By Black Balloon Publishing

Last night marked Black Balloon Publishing’s first ever book swap party, an event so successful that people will be talking about it for decades and decades to come.

All jokes aside, we had a great time piling into the party room of Crown Heights’ Barboncino restaurant, drinking fine drinks and swapping great books. Below are some of the highlights from the evening, as well as some tips we picked up along the way, just in case you feel like throwing your own book swap party.

Organized chaos is different than just, well, chaos.

We already knew the general rules of our book swap, but we also had to iron out all the smaller details, like how many people would be in each round or how long each round was. We did rounds of six, keeping track of who was “on deck” and who was “on deck for being on deck,” which is absolutely the official term.

Two minutes seems to be the magic number for how long two people need to pitch one book each, but as the official time-keepers, we tried not to be too much of a stickler about that. If it was clear that people were still talking through their plot, we’d let time run for a little while longer. Also, you might think the best tool to let people know that time is up would be a blow horn, but it’s actually a maraca. Who knew?

Don’t bring a book that everyone has probably read.

The only person who wasn’t able to make a swap (womp womp) was someone who brought One Hundred Years of Solitude. Listen: One Hundred Years of Solitude is an incredible book. That’s exactly why just about every high school and college across America teaches it. Instead, go for a not-so-well-known book by a well-known author.

Though a graphic novel of a book that everyone has probably read is a great idea.

Airship editor Arvind Dilawar traded in his copy of And Everyday Was Overcast by Paul Kwiatkowski for a graphic novel edition of Fahrenheit 451 by Ray Bradbury and Tim Hamilton. If books could have babies, these two illustrated novels would produce something that would leave the world scorched of sanity.

Just because you don’t want to swap doesn’t mean you can’t get something out of the conversation.

So it’s not even 30 seconds into the two-minute long round, and it’s already clear to both parties that a swap shall not be made. What do you do? Sit there in silence? Ask them their sign? No!

Based on the book they love and brought, suggest some other books to them. Our Digital Director Barbara Cleveland Bourland didn’t want to trade her copy of Pnin by Vladimir Nabokov for S. by Slavenka Drakulic, but she suggested our very own Nine Rabbits by Virginia Zaharieva to the S. fan. Think of it as the literary equivalent to, “Well, I don’t want to date you, but I have this friend ….”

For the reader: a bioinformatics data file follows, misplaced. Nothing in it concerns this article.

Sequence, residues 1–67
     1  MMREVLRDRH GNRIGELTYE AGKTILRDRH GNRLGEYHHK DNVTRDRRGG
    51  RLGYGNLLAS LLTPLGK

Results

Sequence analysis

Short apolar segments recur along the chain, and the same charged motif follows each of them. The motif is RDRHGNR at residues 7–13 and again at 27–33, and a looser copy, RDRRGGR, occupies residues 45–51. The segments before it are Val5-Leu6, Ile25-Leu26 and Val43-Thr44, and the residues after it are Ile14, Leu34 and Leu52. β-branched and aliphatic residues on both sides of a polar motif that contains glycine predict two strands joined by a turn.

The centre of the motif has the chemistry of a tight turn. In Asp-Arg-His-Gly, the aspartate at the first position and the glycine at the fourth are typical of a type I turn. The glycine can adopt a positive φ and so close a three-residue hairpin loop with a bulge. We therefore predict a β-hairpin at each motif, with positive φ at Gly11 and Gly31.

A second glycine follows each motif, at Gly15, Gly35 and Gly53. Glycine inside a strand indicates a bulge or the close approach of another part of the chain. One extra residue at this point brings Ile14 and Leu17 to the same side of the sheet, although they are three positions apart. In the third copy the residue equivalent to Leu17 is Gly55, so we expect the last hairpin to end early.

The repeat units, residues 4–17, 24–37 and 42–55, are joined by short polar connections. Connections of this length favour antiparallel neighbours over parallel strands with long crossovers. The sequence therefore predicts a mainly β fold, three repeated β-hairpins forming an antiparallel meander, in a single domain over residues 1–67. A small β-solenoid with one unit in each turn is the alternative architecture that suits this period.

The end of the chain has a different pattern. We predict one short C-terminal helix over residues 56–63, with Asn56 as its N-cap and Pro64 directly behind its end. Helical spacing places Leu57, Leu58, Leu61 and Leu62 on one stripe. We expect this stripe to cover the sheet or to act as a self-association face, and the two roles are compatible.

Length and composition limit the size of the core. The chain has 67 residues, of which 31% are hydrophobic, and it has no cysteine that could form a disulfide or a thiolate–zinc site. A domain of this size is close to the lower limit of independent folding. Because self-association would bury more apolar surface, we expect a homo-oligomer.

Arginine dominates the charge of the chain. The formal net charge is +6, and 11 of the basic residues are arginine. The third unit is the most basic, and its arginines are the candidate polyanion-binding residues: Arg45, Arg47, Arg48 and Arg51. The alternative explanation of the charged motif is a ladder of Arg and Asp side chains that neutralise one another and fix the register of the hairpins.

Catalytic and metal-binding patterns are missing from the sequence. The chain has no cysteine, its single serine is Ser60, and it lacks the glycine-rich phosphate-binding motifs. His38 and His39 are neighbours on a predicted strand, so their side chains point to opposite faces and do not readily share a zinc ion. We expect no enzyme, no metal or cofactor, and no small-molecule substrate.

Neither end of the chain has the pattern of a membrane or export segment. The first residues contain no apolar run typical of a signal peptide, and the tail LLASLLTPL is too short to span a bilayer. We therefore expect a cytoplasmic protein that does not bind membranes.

Don’t fear the threeway swap.

Perhaps the most epic moment of the night was when a threeway swap took place. Yes, you heard right: a threeway swap. Yeah, we thought they were an urban legend, too.

It all began when Barbara set her eyes on a copy of Piper Kerman’s Orange is the New Black, but couldn’t convince the owner that her copy of Pnin was a worthy trade. The Orange is the New Black owner moved on and fell in love with a copy of one of Philip Kerr’s Bernie Gunther novels, but the owner wasn’t willing to trade for a memoir about women in prison. He was, however, willing to trade for a copy of Pnin. And, thus, the threeway swap was had. In Barbara’s own words: “In retrospect, definitely a weird swap.” But that’s the beauty of book swap: You can’t tie it down! The bigger the risk, the bigger the reward. The weirder the swap, the better.

Once the books are swapped, you don’t have to go home and you can absolutely stay here.

How often is it that you hear people — actual real, breathing people — discuss literature? And not, “Oh, yeah, I adored Infinite Jest” and “Oh, I, too, adored Infinite Jest” pretentious non-conversation, but an actual intelligent and fun discourse about literature? It’s rare, right? One of the best parts of book swap was watching people discuss their favorite books and shell out suggestions to one another. It’s not every day that you’re hanging out with a bunch of strangers who all love literature. At one point, we saw someone whip out their phone and say, “Hold on, I’m going to grab your number so we can talk books later.” We then proceeded to run to the bathroom and weep tears of joy.

Here are some more of the great swaps we remember from last night, sure to live in book swap history forever:

  • Susann Cokal’s The Kingdom of Little Wounds for Judd Apatow’s anthology I Found This Funny

  • VS Naipaul's The Enigma of Arrival for Paul Auster's Leviathan

  • Slavenka Drakulic’s S. for Nicolai lilin’s Siberian Education

  • Laura van den Berg’s The Isle of Youth for Dana Adam Shapiro’s The Every Boy

Weren’t able to make it last night? Yikes. Well, we hope whatever deadly disease you had cleared itself up, because that is the only possible excuse we can think of for not coming. Lucky for you, our book swap was so much fun that we will be definitely be holding more.

Black Balloon Publishing is an independent press headquartered in New York, NY, with both print and digital distribution channels. We've published literary fiction, nonfiction and memoir, and we're willing to grow our reach in any direction that suits: Our books evolve, rotate, get mapped onto cities and light up your screen. We champion the weird, the unwieldy and the unclassifiable.

(Image credits: All photos by Alicia Diamond)

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